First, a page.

By THEO YASAUSE
THERE are three experiences that are worth taken notice of to understand life when you visit three specific locations – the prison, the hospital, and the cemetery.
First at the prison you will understand that freedom is the most precious thing.
The second place is at the hospital you will understand that nothing is more significant and beautiful than one’s health.
Thirdly, at the cemetery you will realise that life is just temporary and is worth nothing, the ground we walk today will be your roof tomorrow.
To enjoy life you need to guide your freedom and your health as some of the most precious items you have been entrusted with under heaven.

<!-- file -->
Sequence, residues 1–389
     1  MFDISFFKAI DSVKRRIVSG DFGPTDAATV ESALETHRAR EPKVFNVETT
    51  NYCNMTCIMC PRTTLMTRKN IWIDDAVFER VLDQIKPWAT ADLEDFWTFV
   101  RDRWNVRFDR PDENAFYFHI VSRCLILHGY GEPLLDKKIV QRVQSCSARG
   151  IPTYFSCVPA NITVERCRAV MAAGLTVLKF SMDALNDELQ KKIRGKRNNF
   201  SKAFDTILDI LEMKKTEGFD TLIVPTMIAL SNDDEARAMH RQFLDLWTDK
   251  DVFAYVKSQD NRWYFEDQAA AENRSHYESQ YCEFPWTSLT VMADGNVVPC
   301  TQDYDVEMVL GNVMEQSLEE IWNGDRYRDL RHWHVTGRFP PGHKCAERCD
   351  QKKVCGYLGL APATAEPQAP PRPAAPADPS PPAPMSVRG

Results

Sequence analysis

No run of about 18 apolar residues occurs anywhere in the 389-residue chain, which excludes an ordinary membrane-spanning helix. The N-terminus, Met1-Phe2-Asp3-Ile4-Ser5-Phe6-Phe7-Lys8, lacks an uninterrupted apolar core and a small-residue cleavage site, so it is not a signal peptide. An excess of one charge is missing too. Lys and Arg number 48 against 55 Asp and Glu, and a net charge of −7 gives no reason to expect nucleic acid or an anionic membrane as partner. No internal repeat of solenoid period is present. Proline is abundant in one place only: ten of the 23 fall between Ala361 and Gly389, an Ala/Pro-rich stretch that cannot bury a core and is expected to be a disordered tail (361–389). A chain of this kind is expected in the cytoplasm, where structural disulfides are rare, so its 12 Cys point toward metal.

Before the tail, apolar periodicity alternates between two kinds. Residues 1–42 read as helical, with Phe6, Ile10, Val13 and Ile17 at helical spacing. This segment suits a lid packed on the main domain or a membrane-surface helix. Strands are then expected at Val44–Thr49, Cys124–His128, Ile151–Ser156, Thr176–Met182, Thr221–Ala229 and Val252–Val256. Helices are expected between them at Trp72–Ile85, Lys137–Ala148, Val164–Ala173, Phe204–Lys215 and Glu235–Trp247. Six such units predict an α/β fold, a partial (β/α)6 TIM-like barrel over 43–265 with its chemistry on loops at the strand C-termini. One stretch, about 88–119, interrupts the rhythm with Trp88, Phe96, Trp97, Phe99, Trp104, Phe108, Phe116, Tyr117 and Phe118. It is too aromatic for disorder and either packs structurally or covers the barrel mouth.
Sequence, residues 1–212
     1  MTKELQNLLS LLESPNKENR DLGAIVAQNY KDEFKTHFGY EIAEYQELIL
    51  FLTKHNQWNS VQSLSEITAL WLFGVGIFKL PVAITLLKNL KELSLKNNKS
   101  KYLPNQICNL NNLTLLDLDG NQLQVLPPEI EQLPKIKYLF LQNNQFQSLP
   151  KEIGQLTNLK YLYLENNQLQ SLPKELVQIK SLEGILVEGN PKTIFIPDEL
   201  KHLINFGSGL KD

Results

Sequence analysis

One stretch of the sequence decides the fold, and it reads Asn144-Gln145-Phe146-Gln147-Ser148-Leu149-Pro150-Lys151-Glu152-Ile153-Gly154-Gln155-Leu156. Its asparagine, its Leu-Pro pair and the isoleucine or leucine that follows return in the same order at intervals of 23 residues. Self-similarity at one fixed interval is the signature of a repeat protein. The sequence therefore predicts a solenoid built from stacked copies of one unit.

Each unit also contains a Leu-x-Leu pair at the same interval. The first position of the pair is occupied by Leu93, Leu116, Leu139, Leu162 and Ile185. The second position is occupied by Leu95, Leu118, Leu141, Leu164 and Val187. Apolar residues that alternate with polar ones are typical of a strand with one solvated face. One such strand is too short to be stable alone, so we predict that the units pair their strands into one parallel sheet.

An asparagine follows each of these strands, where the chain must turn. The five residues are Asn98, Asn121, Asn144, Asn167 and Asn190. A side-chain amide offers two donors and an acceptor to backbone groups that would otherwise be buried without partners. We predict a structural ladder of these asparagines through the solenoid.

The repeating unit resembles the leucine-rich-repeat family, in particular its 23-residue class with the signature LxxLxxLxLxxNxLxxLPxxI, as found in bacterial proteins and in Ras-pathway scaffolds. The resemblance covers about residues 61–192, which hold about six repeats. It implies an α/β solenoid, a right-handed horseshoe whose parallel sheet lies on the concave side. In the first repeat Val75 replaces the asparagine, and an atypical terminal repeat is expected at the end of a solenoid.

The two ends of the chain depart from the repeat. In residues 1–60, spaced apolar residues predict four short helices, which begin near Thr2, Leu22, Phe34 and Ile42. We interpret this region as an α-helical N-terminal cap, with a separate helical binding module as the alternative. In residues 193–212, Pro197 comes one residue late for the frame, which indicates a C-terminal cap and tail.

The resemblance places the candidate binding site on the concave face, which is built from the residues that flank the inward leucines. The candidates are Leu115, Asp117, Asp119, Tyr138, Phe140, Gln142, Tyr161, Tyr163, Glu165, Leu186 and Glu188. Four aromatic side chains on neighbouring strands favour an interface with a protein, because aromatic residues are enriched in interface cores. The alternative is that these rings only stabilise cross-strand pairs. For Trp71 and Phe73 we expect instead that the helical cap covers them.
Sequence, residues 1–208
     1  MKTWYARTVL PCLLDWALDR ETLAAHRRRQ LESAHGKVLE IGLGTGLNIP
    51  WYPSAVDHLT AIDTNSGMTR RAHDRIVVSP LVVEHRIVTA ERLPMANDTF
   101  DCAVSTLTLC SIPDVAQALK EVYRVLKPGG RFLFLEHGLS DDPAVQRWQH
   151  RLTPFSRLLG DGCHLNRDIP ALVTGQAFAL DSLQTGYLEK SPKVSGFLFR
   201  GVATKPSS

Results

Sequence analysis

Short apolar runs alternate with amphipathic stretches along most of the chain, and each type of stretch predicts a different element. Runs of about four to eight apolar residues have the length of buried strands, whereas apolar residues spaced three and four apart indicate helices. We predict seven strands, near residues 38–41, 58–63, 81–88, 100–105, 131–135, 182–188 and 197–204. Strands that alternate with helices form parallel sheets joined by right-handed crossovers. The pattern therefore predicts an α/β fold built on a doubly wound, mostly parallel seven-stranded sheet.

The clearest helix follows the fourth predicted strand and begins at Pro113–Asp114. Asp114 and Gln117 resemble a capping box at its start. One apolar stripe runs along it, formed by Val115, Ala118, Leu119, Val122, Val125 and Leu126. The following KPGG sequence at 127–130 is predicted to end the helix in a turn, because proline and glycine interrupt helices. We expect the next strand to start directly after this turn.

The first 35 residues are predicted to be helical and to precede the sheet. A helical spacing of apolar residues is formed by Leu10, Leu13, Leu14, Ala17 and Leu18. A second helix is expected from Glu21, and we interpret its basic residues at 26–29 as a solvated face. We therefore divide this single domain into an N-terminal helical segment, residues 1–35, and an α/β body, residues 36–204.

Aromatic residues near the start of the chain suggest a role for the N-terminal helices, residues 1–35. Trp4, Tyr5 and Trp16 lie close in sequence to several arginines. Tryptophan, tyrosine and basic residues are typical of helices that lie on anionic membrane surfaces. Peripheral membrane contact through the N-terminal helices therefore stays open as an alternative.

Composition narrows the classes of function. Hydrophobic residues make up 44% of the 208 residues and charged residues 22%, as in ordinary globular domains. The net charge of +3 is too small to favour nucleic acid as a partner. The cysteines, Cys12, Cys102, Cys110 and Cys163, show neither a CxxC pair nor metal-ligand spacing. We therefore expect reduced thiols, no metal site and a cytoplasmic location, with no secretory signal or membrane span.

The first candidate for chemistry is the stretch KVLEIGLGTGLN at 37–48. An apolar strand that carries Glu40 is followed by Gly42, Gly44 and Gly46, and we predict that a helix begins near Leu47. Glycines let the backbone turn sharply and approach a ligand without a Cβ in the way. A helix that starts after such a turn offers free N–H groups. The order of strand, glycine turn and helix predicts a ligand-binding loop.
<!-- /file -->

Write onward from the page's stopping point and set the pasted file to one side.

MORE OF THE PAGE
The focus of this feature is the experience inside Bomana prison by some of our up and coming leaders from Don Bosco Technical Institute in the most recent past.
Before we enter the experience, the Papua New Guinea Correctional Services has an important policy approach in building stakeholders awareness and provide critical information under its Inmate Out-mate Policy Approach.
This policy approach is implemented as part of the Prison Rehabilitation and Training Programme.
Under the programme, a two way collaborative work with stakeholders have been established where prisoners are allowed to go out to carry out outreach and law and order awareness in communities and churches and in return also receive visitors into the prison to share and to care as part of the environment and life of incarceration to dissuade the public to enter this arena.
This is an essential pillar of the prisons work output under the Law and Justice Sector in addressing law and order issues in our communities.